Rugby: The BBC has thrown in the towel, not only with rugby but with sport in general

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A man of settled habits - perhaps too much so - I have long spent the first two or three weeks of September wandering round France. I usually go to the parts where they play rugby, not because of the rugby, but because they happen to be the parts I like best. I early discovered that, on a Saturday or Sunday afternoon or early evening, it was possible to see a club match on television if you pressed the right buttons and twiddled enough knobs.

Thus if you were in Toulouse you could see Toulouse or Colomiers (who are a Toulouse local side and not, as Rugby Special used to imagine, from Paris) play Agen. Or, if you were in Bordeaux, you could see Begles, the local side there, play Beziers or whatever the team happened to be. This service, which was available well before the advent of Rupert Murdoch, satellite and cables, was provided principally by local television, though national channels showed some club rugby as well.

It is often said in this country that French television is "awful", "silly", "pathetic" and so on. So it is, in many respects. The real difference is that the French do not take their television seriously, whereas in this country we take it so seriously that, to many people, and to the whole of the tabloid press, the distinction between appearance and reality has completely disappeared, so that characters in soap operas are regarded as real persons.

But at least the French show club rugby on their ordinary channels. All we were ever given was what was then the Pilkington Cup Final, and sometimes only edited extracts of that, together with Rugby Special. This was the programme which every rugby follower loved to hate because he (or, sometimes, she) thought it could be done so much better. But at least they watched it.

It traversed several phases, from straight, edited extracts through a scholarly period under Chris Rea (who laboured under the disadvantage of knowing a good deal about the game) to the man with a thousand jerseys, John Inverdale. Along the way it produced several scoops, with Jeff Probyn being rude about women rugby players, Geoff Cooke being rude about other administrators, and others again being rude about Geoff Cooke.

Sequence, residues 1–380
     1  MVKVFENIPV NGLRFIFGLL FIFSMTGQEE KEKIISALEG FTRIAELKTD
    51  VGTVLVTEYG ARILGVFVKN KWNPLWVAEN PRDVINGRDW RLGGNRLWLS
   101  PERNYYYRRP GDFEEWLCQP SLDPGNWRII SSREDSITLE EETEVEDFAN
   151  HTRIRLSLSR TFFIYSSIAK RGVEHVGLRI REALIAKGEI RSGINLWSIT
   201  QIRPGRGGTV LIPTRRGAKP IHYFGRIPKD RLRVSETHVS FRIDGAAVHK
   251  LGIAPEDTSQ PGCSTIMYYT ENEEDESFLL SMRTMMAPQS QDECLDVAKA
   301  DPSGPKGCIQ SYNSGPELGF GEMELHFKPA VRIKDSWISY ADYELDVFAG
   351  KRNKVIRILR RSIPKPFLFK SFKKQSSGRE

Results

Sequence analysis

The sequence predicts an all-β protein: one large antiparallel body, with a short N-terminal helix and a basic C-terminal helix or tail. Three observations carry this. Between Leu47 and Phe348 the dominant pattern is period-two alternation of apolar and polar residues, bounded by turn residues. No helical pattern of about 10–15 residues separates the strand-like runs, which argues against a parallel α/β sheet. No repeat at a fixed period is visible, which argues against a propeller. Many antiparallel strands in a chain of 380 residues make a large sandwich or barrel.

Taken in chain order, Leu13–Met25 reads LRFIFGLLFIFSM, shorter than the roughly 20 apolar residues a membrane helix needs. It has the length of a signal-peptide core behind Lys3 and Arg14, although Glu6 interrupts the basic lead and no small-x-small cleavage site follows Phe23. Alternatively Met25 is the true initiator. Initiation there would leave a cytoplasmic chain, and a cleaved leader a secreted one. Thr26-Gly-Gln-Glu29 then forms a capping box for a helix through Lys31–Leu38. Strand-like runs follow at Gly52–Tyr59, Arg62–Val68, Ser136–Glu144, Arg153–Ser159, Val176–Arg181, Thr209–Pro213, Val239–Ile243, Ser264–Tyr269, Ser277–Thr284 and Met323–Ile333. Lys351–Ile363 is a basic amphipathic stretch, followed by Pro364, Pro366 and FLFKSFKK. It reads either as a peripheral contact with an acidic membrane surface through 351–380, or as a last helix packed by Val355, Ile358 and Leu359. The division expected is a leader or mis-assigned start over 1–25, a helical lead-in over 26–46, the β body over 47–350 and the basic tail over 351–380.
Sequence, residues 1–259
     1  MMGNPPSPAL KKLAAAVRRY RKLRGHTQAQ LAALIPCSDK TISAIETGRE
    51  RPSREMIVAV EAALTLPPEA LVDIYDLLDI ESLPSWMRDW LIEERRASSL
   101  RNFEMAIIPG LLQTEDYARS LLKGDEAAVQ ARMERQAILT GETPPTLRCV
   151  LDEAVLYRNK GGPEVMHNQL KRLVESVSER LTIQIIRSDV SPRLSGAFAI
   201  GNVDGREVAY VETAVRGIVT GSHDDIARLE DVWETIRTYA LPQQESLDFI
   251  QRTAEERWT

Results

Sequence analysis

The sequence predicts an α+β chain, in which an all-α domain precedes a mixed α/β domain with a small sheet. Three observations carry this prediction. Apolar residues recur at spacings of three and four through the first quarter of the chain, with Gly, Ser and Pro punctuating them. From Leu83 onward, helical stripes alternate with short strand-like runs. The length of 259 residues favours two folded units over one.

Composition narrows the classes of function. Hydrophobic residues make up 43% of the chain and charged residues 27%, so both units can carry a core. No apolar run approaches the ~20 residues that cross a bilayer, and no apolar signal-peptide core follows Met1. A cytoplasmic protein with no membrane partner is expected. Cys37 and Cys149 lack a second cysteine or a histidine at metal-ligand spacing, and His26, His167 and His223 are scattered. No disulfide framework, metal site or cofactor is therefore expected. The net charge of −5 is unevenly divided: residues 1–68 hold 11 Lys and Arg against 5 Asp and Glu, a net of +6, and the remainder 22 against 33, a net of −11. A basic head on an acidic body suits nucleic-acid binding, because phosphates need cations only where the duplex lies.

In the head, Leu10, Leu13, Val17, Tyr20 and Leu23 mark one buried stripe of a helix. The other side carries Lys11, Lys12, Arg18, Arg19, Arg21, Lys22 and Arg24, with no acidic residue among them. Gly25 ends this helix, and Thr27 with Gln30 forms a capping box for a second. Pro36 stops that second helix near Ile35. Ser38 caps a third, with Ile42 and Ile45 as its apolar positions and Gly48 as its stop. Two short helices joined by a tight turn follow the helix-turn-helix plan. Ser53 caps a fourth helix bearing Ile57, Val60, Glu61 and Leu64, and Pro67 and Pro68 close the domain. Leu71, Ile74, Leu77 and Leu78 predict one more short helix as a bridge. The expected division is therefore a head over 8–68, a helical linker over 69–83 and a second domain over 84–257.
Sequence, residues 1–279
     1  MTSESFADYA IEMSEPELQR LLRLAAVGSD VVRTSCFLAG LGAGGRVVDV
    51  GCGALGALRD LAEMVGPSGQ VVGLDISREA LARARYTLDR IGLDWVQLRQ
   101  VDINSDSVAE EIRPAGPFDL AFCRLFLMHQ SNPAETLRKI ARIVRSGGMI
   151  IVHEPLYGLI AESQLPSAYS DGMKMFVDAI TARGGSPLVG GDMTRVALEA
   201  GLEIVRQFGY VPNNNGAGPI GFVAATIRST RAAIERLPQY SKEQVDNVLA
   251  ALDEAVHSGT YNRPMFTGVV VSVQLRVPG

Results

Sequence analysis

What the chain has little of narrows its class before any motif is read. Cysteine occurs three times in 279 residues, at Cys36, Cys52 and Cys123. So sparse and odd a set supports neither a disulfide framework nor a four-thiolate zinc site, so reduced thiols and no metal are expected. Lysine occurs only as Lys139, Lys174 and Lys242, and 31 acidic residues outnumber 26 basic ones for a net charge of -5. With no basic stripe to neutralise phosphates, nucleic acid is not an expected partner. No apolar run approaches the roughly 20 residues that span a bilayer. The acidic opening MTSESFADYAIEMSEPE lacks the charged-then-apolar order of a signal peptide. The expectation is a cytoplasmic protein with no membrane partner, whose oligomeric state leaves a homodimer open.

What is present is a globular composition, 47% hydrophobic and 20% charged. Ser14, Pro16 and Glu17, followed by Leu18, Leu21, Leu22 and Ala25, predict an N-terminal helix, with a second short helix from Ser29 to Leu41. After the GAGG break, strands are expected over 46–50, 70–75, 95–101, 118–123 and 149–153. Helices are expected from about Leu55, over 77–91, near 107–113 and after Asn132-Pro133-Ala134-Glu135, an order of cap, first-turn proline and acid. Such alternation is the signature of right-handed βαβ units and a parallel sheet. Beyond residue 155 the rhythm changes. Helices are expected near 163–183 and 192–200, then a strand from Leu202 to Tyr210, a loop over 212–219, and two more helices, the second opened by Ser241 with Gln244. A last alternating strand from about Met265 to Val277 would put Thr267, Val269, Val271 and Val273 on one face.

In our sitting rooms we were rude about the programme, because we could have done it better ourselves and about the people who were appearing on it, because we thought they were taking nonsense. But we cherished it really, because it was all we had, silly jerseys, silly signature tunes, Nigel Starmer-Smith and all.

And now it is gone, phut. In a puff of smoke, with no explanation from the BBC except the usual one which the Corporation gives when it kills off any half-way decent programme: that the time was ripe for a change, all good things must come to an end, and so forth. But there is no replacement programme of any kind. There is a perfect and absolute blank.

One of the BBC's several chief executives, Will Wyatt, is an enthusiastic rugby follower. Others may be also, for all I know. But they are clearly not giving those licence-payers who are rugby followers likewise a fair deal. Today it is not so much that they are not getting value for money. They are not getting anything at all apart from the Five Nations. Indeed, the impression I am left with is that the BBC has given up, thrown in the towel, not only with rugby but with sport in general. It has conceded the fight to Murdoch.

In my opinion, he deserves his victory. Last Saturday, for instance, you could have seen Leicester play Toulouse live, followed by a full recording of Harlequins playing Cardiff. Very exciting both matches were too. I watched them in the pub down the road rather than at home because I do not have Sky Television, though I may shortly be forced to acquire it.

It is quite wrong to say, as some do, that Murdoch "outbid" the BBC. If Sky had not existed, the Corporation would, on its past record, simply have ignored the European matches. It seems always to have proceeded on the assumption that the only competition worth bothering about at all is the Five Nations' Championship. Accordingly, the World Cup was covered, to begin with, by ITV and, most recently, by Sky.

So I am no longer persuaded, as I used to be, and as the Welsh, Scottish and Irish Rugby Unions still appear to be, that the BBC has some divinely ordained right to broadcast the Five Nations. It certainly does not deserve any such privilege. It has shown that about rugby union football it does not care a jot.